Perhaps because of these challenges, some workplaces have instead instituted strict divisions between work and home life, an approach to achieving balance that some survey respondents praised. Leah Block, a product manager at Showa Denko America, says the company has strict nine-to-five hours and a mandatory lunch break and does not allow her to take work home. “With those specific rules that are enforced, having a full life is more than obtainable,” she says. Roselin Rosario-Meléndez, a senior chemist at L’Oréal USA, echoes this, noting that employees at certain levels of her company do not have access to the work network from home to help ensure the sanctity of their off-hours.
“Bayer goes out of its way to push an efficient work environment” by stressing an eight-hour workday and working “smarter not longer,” says Frederick Jaeger, a scientist at Bayer CropScience. When Jaeger recently experienced a death in the family, his manager and the department director gave him time off to grieve and handle the estate. “It was nice to see a company actually do what they say they will do and not just give lip service to the idea of family first.”
In fact, many respondents stressed the importance of having parental and family leave policies. According to Zeni, employees at Amvac have received up to 12 weeks of paid maternity leave; six weeks of paid family leave is required by California state law, and employees are encouraged to take it, Zeni says. Other firms noted by respondents for offering generous family leave include Albemarle, L’Oréal USA, and SC Johnson, which also has a business-run child care center.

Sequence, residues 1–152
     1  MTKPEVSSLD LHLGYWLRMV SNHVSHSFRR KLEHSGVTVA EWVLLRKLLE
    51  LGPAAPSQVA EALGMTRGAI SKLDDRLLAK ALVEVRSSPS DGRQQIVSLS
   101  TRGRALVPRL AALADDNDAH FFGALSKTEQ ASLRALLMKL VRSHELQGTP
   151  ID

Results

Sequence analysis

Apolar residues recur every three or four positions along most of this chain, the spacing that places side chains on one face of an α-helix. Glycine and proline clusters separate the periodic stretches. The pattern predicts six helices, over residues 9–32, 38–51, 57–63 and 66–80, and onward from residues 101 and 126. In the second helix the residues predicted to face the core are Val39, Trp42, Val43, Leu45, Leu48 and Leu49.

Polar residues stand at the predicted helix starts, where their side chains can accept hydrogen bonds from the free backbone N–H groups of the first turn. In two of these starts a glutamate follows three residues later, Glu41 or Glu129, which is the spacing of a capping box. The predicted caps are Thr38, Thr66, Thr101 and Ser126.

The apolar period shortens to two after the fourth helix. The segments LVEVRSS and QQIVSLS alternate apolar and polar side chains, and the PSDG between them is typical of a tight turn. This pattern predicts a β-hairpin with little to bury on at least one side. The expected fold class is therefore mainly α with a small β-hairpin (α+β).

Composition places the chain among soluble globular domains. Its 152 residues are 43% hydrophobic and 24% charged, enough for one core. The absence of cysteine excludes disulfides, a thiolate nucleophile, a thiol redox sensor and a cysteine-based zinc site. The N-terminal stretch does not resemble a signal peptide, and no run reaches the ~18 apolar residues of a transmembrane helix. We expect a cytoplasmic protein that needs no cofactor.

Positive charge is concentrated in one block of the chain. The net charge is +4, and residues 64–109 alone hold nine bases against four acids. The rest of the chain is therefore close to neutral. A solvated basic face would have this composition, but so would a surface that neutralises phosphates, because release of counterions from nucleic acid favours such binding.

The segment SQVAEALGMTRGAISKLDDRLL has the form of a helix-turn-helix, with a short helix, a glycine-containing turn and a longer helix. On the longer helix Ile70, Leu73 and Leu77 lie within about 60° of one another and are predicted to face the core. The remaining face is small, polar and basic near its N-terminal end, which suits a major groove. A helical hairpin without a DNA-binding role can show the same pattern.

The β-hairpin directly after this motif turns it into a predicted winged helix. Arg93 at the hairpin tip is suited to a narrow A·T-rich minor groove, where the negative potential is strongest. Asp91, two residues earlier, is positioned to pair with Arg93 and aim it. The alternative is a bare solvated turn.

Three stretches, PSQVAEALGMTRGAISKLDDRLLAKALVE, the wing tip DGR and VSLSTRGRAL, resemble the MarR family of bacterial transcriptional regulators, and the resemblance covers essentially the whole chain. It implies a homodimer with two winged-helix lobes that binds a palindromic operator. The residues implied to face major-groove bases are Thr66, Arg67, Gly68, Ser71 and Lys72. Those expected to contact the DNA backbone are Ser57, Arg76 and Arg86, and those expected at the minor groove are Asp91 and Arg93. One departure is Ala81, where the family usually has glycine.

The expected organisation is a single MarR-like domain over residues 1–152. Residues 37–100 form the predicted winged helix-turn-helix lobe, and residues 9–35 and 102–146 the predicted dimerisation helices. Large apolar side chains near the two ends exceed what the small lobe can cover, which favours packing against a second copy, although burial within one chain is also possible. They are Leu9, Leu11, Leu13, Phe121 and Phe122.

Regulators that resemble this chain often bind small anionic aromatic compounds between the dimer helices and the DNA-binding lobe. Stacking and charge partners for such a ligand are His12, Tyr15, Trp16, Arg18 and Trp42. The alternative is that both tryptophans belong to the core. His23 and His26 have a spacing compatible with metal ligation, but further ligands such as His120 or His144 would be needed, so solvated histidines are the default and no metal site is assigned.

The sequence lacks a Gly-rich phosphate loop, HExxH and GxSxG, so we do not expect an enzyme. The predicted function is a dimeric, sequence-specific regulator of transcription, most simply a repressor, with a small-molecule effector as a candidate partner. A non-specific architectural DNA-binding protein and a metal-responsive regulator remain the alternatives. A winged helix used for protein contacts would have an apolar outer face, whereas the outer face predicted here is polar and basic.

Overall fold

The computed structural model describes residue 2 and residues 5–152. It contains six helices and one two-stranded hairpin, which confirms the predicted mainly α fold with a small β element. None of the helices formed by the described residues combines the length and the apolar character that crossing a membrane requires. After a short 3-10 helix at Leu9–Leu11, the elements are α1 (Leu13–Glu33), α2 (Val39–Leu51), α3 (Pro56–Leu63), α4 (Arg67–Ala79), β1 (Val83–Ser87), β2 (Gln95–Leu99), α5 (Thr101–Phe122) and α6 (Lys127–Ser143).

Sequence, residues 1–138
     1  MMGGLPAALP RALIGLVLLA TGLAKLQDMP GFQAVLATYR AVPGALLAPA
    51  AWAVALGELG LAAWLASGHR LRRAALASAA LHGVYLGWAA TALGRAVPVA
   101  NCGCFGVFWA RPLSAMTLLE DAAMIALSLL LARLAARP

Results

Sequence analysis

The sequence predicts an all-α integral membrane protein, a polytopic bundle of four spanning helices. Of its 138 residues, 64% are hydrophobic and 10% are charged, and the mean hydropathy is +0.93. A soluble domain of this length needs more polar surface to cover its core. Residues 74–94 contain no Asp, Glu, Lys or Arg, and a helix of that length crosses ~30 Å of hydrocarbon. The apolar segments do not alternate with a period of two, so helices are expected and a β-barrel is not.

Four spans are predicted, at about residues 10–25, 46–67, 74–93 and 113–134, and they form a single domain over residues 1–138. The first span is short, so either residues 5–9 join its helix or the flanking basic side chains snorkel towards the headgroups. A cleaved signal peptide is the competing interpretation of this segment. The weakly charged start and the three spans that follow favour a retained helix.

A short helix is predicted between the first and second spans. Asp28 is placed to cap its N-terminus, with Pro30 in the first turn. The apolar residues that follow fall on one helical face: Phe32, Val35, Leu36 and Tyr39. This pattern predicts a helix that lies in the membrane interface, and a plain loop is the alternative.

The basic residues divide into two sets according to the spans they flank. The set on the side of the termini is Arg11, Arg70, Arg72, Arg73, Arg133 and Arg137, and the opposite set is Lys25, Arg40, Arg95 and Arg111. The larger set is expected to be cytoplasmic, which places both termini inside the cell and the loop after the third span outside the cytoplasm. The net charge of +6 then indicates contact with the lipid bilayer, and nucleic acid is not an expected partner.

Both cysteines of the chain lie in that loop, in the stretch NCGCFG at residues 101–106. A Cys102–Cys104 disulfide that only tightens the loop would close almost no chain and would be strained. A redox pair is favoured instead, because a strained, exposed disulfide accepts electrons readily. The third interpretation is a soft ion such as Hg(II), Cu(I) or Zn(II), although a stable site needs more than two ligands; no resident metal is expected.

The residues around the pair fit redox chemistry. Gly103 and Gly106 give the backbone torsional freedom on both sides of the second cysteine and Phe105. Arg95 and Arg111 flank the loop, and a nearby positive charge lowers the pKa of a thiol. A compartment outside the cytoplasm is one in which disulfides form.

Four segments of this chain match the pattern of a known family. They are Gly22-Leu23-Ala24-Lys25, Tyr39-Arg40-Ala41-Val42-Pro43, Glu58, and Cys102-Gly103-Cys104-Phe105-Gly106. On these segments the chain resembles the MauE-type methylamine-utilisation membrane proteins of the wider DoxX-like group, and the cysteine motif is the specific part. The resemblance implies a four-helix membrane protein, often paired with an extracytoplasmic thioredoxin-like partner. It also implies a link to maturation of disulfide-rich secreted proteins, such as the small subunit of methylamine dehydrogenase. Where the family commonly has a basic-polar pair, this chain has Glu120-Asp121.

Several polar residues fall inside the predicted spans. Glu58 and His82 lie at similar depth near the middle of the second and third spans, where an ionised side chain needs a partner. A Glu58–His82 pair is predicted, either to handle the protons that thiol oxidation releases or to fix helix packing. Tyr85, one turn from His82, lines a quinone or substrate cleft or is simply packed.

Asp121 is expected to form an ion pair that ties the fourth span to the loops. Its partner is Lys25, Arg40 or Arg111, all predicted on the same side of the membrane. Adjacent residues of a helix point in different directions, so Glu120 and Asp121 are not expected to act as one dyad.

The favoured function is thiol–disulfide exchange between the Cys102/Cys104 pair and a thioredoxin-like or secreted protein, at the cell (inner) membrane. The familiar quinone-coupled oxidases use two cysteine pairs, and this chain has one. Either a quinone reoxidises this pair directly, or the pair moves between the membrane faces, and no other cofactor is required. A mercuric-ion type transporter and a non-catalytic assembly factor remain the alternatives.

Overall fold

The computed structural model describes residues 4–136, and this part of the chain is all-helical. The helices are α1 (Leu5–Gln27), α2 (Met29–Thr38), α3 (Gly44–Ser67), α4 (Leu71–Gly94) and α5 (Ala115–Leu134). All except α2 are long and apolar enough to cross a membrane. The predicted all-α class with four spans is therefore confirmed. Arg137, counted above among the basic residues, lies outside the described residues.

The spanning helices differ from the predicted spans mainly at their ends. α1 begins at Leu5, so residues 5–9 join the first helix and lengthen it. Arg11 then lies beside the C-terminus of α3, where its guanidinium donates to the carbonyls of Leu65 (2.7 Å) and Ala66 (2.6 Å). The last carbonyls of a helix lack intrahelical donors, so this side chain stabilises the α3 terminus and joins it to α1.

Kayla Green, a chemistry professor at Texas Christian University, says that her school administration has policies to support maternity and family leave, and faculty and staff receive reasonable rates at several local child care centers. “I had a pregnancy with severe complications that lasted months, and everyone was more than supportive during the pregnancy and after, when we lost our baby,” she says. “They encouraged time for healing and recovery.”
As far as vacations and leave policies go, several workplaces earned high marks, including AstraZeneca, Dow, the National Renewable Energy Laboratory, Oregon Health & Science University, and John Wiley & Sons. Illumina offers a paid week off at the end of June or in early July each year, and Novartis Institutes for BioMedical Research grants mini-sabbaticals, according to respondents at these firms. Additionally, several companies provide fitness benefits or other efforts to help people recharge while at work: At Albemarle, an initiative called PeopleFuel encourages employees to take short breaks for naps or walks during the day.
Balance is hard enough to strike when your boss encourages it, but it’s even more difficult when you feel your workplace doesn’t support this goal. A field service engineer at a biotechnology firm who responded to the questionnaire is currently seeking another job because of work-life balance alone. “My partner and I have figured that if we are ever going to be able to have a family, I’m going to need to find another job first,” he says, asking to remain anonymous because of his job search.
And even being your own boss doesn’t always help. Philip Swain, a patent and trademark agent and the owner of IPSIS Inc., says, “As an entrepreneur and business owner there is little work-life balance. I foster work-life integration.”